Carl Frampton takes a giant step by outpointing Scott Quigg
Amid scenes of passionate celebration and deafening noise, Carl Frampton retained his IBF junior featherweight title and claimed the WBA version from Scott Quigg with a split-decision victory in their blockbuster unification clash Saturday in Manchester, England. Two judges scored it 116-112 for Frampton; the third had it 115-113 for Quigg.
Barry McGuigan, manager and promoter of Frampton, had predicted that it would feel like Belfast inside the Manchester Arena and it certainly did. The Quigg faithful were drowned out by the Northern Ireland fighter’s rabid fans, who cheered wildly from the moment he entered the ring.
After all that excitement, it was a cautious beginning. In the lead up to the bout each fighter claimed they would win in style but the pattern indicated they respected one another as both fenced for position and adopted a careful approach.
Frampton, rated No. 3 by THE RING at 122 pounds, then began picking up rounds. He kept his opponent almost exclusively on the end of a sharp jab and backed him up. Quigg simply could not locate the required distance and threw relatively few punches.
In the second half of the fight, Quigg, rated No. 2, woke up. Sensing the rounds were slipping away, he let go with powerful shots to head and body and his tormentor’s movement slowed. The Englishman wobbled Frampton with a cluster of hooks in the ninth and his power was telling.
In Round 10 the crowd got what they were waiting for as the two world class operators stood at center ring and unloaded with smashing blows to the head and body. Quigg fought his heart out and he was now having real success.
Quigg’s persistence was rewarded in the 11th when a huge right hand took Frampton’s legs momentarily. The shot extracted an immediate cost as Quigg followed up and looked, by far, the stronger man as the bell rang with the crowd in an uproar.
The 12th promised to be electric but Quigg spent too much time looking for the home run and that allowed Frampton the opportunity to go back to landing pot shots. Both men embraced at the end and the pre-fight bad blood disappeared.
Frampton (22-0, 14 KOs) was an established star entering fight. He has been developed and nurtured with care by Barry and Shane McGuigan, who have been diligent in their roles as manager and trainer, respectively. Now the Belfast man has won the biggest fight of his life and kicked open the door to some serious paydays at 122 or 126 pounds.
“I knew it was going to be a boring fight but you can’t say that when it’s a pay-per-view event,” Frampton said. “I didn’t think it was close and I thought I won the first seven rounds. I’m happy to have a rematch but it’s down to what the public want. I would rather move on to bigger and better things. Leo Santa Cruz is an obvious fight for me and that could happen at junior featherweight or featherweight.”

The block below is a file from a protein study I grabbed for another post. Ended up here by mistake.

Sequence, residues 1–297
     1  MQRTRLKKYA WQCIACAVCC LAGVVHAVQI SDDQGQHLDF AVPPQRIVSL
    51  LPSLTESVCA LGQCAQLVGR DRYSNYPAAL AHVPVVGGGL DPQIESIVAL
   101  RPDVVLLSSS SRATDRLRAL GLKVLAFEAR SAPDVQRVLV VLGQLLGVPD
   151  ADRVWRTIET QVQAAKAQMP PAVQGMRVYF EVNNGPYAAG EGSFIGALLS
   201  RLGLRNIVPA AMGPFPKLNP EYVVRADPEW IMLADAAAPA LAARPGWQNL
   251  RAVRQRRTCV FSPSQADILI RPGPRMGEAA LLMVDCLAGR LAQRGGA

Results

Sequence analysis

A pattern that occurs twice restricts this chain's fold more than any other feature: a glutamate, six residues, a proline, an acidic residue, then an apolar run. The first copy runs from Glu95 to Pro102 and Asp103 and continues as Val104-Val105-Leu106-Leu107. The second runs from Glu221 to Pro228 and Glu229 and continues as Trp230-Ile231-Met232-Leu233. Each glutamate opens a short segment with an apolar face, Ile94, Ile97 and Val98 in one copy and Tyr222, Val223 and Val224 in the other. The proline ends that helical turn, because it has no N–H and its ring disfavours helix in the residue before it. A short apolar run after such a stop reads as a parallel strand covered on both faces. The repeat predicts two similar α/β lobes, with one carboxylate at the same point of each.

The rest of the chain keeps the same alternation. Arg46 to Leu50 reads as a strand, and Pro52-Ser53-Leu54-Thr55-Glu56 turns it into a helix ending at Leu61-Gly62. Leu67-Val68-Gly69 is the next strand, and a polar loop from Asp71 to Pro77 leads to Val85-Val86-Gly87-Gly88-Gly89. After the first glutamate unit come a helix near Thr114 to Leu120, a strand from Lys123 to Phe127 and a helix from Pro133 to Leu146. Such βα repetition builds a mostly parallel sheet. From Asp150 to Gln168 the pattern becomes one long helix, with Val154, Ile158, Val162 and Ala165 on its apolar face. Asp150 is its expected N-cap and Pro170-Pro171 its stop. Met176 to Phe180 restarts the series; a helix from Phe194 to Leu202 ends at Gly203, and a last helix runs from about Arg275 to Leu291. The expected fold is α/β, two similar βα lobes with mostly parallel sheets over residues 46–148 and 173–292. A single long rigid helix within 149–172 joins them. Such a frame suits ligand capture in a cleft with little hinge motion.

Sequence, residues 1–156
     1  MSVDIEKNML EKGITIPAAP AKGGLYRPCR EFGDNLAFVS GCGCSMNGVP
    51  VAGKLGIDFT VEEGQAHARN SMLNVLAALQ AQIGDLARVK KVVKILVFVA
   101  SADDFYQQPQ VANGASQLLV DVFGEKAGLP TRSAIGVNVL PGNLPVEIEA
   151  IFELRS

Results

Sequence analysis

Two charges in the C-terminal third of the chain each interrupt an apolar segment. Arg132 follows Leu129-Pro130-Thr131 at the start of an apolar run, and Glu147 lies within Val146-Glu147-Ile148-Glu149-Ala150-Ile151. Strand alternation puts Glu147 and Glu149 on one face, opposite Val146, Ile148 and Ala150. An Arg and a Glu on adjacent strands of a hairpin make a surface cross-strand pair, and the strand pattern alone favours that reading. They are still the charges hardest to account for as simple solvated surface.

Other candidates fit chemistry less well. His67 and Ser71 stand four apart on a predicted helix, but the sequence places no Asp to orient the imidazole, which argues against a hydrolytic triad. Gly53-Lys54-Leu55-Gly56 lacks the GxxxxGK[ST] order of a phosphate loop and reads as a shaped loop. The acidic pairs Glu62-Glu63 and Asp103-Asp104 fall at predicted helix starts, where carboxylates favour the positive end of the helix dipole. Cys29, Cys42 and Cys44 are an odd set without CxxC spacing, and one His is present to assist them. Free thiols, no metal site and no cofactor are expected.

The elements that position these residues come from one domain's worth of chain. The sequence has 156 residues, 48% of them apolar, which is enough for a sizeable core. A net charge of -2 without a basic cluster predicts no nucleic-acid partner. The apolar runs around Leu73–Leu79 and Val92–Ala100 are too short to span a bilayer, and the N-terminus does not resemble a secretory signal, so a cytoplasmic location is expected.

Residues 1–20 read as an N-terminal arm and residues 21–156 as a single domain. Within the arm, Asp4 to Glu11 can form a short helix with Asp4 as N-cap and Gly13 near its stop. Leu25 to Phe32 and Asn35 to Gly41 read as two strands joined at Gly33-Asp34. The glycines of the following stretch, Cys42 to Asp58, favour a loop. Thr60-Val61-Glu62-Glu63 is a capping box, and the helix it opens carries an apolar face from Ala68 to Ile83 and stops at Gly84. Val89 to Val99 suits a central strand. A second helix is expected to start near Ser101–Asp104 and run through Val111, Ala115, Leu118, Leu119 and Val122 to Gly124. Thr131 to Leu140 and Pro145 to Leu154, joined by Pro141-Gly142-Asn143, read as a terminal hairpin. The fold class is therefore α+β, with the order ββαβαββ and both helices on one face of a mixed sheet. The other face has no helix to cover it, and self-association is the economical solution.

Barry McGuigan said a rematch is unlikely.
“With all due respect to Scott, the rematch is not an attractive fight for us,” he said. “Leo Santa Cruz is definitely an option and it would be great if we could get him over here. That’s a big-money fight and he lets his punches go. That would be a fantastic fight. Right now, I believe that Carl Frampton is the best Irish fighter ever.”
For Quigg (31-1-2, 23 KOs) there will be a period of convalescing. This was a high stakes appointment between domestic rivals and defeat will sting for a long time. Can he bounce back? Unquestionably. A loss to a championship level fighter came with the territory in the glory days and this reporter expects the hard-hitting Englishman to have continued success in the sport he so desperately loves.
Quigg said he suffered a jaw injury in the fourth round.
“I felt in control early,” Quigg said. “Carl was a bit busier but nothing was landing. I got caught with a peach of an uppercut in the fourth and it’s done my jaw. That changed things in terms of my game plan and (as a result) I waited too long to go through the gears. One judge voted for me and saw it the way I did but, fair play, two judges scored it for Carl. I want the rematch; he’s beaten me and I want to fight him again. I’m putting on an act for you (the media) but I’m devastated.”
Joe Gallagher, Quigg’s trainer, learned after the seventh round that his fighter was in trouble.
“I had it even after four and then we found out that Sky Sports had Scott 6-1 down (after seven),” he said. “Fights always start slow and then build up like a freight train. The shot to the jaw in the fourth was a curve ball we weren’t expecting but Scott had Carl out on his feet in the 11th. We’re ready to do it again.”
That includes Eddie Hearn, Quigg’s promoter.
“I think there will be a rematch,” he said. “If we can get another fight with 12 rounds as good as the last five in this one, then we’ll all be happy. We don’t know if Scott’s jaw is broken and hopefully it’s just a crack. When he watches Round 11 he will feel that he could have won that fight if he started faster. A rematch would be in Belfast, probably in an outdoor arena. Scott has at least three or four options but we’ll need to see about the injury.”
The official weights were Frampton 121.75 and Quigg 121.5.
Tom Gray is a member of the British Boxing Writers’ Association and has contributed to various publications. Follow him on Twitter: @Tom_Gray_Boxing